Basic concepts

This chapter should help you understand basic concepts lying in the foundation of the GUI in the engine.


*Stateful UI means that we can create and destroy widgets when we need to, it is the opposite approach of immediate-mode or stateless UIs when you don't have long-lasting state for your widgets (usually stateless UI hold its state only for one or two frames).

Stateful UI is much more powerful and flexible, it allows you to have complex layout system without having to create hacks to create complex layout as you'd do in immediate-mode UIs. It is also much faster in terms of performance.

Stateful UI is a must for complex user interfaces that requires rich layout and high performance. I'm not telling that you can't do it in immediate mode UI, you can, but using tons of hacks. See Layout section for more info.

Node-based architecture

Every user interface could be represented as a set of small blocks that have hierarchical bonding between each other. For example a button could be represented using two parts: a background and a foreground. Usually the background is just a simple rectangle (either a vector or bitmap), and a foreground is a text. The text (the foreground widget) is a child object of the rectangle (the background widget). These two widgets forms another, more complex widget that we call button. Graphically it will look like this:


On the right side of the image we can see the generic button and on the left side, we can see its hierarchical structure. Such approach allows us to modify the look of the button as we wish, we can create a button with image background, or with any vector image, or even other widgets. The foreground can be anything too, it can also contain its own complex hierarchy, like a pair of an icon with a text and so on.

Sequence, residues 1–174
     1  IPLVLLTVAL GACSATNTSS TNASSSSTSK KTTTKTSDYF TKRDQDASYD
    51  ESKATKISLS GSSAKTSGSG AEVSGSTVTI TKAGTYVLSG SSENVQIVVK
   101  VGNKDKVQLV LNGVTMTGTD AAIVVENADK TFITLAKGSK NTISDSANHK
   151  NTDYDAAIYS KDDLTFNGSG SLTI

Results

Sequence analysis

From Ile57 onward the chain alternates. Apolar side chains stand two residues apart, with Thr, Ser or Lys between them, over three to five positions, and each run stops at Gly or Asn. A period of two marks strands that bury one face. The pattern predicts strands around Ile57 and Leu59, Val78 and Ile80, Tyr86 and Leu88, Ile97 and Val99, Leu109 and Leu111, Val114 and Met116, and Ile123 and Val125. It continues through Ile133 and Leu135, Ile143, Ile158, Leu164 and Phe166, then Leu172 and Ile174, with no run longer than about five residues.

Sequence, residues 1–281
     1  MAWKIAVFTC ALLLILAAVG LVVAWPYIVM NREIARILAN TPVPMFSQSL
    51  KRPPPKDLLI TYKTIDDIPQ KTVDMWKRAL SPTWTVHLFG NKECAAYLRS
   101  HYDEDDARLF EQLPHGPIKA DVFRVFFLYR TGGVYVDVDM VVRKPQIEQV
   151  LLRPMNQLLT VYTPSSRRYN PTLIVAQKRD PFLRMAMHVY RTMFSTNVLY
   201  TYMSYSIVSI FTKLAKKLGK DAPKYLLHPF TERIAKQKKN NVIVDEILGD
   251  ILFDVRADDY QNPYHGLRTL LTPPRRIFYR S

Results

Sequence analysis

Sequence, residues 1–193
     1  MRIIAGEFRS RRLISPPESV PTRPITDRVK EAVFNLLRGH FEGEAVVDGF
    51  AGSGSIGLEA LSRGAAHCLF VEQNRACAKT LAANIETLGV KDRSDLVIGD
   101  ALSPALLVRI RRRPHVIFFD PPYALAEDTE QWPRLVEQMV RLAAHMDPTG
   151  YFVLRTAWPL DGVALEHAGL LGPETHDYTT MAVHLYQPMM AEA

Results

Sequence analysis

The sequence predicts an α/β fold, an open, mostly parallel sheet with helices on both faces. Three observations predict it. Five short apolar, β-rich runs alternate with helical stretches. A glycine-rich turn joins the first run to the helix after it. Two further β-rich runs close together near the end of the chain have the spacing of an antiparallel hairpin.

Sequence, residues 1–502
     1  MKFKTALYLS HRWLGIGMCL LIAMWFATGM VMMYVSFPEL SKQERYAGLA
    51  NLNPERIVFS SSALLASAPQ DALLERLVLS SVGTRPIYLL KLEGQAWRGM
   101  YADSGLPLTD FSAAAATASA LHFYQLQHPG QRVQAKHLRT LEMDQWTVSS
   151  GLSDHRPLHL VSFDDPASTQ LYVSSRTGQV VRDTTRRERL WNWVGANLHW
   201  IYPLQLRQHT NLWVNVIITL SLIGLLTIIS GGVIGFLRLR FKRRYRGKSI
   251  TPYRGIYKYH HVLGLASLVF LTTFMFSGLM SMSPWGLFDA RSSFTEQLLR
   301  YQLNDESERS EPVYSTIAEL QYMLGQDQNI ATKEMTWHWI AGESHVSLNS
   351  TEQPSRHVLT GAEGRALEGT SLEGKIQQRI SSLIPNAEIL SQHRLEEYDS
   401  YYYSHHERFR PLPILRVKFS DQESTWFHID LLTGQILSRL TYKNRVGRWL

Every widget in the engine uses composition to build more complex widgets. All widgets (and respective builders) contains Widget instance inside, it provides basic functionality the widget such as layout information, hierarchy, default foreground and background brushes (their usage depends on derived widget), render and layout transform and so on.

Component Querying

Many widgets provide component querying functionality - you can get an immutable reference to inner component by its type. It is used instead of type casting in many places. Component querying is much more flexible compared to direct type casting. For example, you may want to build a custom Tree widget, you want your CustomTree to inherit all the functionality from the Tree, but add something new. The Tree widget can manage its children subtrees, but it needs to somehow get required data from subtree. Direct type casting would fail in this case, because now you have something like this:

fn main() {
extern crate fyrox;
use fyrox::gui::tree::Tree;
struct CustomTree {
    tree: Tree,
    my_data: u32

On other hand, component querying will work fine, because you can query inner component (Tree in our case). Please note that this has nothing similar with ECS and stuff, it is made to circumvent Rust's lack of inheritance.